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Palliat Med. 2010 Mar;24(2):166-74. doi: 10.1177/0269216309351381. Epub 2009 Dec 10.

Transitions between care settings at the end of life in the Netherlands: results from a nationwide study.

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  • 1Department of Public and Occupational Care, The EMGO Institute for Health and Care Research, VU University Medical Center, van der Boechorststraat 7, 1081 BT, Amsterdam, The Netherlands.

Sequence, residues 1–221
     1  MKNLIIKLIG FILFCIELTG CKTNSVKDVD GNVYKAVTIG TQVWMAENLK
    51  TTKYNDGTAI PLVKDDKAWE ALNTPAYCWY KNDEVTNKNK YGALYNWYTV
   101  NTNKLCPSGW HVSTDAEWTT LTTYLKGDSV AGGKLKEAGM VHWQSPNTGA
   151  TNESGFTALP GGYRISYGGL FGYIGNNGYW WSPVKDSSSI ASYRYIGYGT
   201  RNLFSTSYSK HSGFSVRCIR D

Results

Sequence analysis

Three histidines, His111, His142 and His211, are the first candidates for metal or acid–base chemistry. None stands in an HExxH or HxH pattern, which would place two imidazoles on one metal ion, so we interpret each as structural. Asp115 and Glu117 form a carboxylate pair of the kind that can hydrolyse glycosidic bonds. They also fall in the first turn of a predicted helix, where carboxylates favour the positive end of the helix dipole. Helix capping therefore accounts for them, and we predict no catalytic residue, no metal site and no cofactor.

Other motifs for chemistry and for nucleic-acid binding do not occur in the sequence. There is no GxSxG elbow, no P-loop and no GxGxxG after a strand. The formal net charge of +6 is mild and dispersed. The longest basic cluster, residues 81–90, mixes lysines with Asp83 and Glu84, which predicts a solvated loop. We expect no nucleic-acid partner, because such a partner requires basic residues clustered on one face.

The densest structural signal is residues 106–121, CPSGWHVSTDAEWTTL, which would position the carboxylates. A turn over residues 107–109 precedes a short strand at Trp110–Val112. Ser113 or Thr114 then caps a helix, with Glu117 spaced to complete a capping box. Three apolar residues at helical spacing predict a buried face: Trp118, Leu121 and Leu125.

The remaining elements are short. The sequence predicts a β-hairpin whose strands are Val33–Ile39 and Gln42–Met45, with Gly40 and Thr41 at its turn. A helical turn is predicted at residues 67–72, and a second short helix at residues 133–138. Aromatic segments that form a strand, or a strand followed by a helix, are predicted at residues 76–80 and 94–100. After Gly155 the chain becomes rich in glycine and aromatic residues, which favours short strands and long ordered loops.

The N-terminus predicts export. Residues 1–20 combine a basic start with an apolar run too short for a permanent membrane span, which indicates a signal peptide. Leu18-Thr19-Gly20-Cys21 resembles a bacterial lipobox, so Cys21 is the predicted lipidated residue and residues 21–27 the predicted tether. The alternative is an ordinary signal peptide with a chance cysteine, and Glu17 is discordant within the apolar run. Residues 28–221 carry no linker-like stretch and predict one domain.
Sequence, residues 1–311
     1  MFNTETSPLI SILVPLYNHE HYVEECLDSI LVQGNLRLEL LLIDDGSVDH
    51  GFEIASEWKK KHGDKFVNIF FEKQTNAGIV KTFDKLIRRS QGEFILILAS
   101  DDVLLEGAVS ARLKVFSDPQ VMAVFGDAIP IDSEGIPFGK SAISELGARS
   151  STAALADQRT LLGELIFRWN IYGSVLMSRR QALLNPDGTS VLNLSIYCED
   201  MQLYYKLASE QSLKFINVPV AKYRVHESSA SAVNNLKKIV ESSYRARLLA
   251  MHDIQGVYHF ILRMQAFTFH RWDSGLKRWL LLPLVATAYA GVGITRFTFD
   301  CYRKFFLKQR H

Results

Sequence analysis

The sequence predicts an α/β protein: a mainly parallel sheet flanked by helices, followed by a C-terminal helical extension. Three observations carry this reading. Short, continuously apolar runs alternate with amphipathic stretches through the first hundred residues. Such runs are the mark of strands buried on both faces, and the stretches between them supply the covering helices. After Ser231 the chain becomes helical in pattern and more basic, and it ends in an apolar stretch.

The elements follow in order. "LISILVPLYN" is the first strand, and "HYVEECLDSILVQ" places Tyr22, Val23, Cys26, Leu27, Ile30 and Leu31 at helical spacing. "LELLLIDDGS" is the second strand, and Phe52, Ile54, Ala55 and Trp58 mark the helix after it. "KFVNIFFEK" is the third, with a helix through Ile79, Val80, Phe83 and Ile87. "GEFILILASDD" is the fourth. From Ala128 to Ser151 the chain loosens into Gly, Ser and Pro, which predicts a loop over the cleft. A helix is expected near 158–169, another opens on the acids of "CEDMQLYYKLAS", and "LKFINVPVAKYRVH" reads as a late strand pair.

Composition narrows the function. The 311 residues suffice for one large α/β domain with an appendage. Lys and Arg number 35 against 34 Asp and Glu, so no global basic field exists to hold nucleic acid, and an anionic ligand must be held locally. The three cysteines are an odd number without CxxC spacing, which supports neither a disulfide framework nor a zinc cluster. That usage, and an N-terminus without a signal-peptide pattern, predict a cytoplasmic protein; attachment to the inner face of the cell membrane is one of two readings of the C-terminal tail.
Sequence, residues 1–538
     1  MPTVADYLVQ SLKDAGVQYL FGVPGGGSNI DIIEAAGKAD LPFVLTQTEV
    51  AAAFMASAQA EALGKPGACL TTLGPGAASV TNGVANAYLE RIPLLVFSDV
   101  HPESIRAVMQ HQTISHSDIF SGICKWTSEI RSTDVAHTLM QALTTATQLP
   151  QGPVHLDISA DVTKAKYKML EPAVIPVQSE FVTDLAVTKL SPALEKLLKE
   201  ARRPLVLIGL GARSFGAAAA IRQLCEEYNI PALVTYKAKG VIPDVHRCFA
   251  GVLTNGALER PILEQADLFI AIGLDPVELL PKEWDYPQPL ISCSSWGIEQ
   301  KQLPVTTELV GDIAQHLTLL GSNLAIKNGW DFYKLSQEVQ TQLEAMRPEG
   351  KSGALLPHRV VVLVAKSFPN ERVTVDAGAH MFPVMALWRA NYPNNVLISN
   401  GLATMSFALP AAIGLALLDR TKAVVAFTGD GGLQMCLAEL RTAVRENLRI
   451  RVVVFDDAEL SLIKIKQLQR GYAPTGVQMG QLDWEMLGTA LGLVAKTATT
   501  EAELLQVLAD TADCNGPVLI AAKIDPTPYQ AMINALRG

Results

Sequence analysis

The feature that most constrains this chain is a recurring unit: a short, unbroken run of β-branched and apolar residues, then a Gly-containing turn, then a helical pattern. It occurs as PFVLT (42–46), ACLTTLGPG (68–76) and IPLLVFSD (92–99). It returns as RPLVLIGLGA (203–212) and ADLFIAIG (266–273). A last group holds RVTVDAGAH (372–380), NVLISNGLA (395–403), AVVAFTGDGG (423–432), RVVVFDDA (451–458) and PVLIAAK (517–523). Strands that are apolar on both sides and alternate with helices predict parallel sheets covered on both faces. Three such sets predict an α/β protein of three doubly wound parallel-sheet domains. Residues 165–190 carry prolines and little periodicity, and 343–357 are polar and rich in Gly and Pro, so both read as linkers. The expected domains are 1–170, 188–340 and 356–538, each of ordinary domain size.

Multiple transitions between care settings in the last phase of life could jeopardize continuity of care and overall end-of-life patient care. Using a mortality follow-back study, we examined the nature and prevalence of transitions between Dutch care settings in the last 3 months of life, and identified potential characteristics associated with them. During the 2-year study period, 690 registered patients died 'totally expectedly and non-suddenly'. These made 709 transitions in the last 3 months, which involved a hospital two times out of three, and covered 43 distinct care trajectories. The most frequent trajectory was home-to-hospital (48%). Forty-six percent experienced one or more transitions in their last month of life. Male gender, multi-morbidities, and absence of GP awareness of a patient's wish for place of death were associated with having a transition in the last 30 days of life; age of < or = 85 years, having an infection and the absence of a palliative-centred treatment goal were associated with terminal hospitalization for > or = 7 days. Although the majority of the 'totally expected and non-sudden' deaths occurred at home, transitions to hospitals were relatively frequent. To minimize abrupt or frequent transitions just before death, timely recognition of the palliative phase of dying is important.

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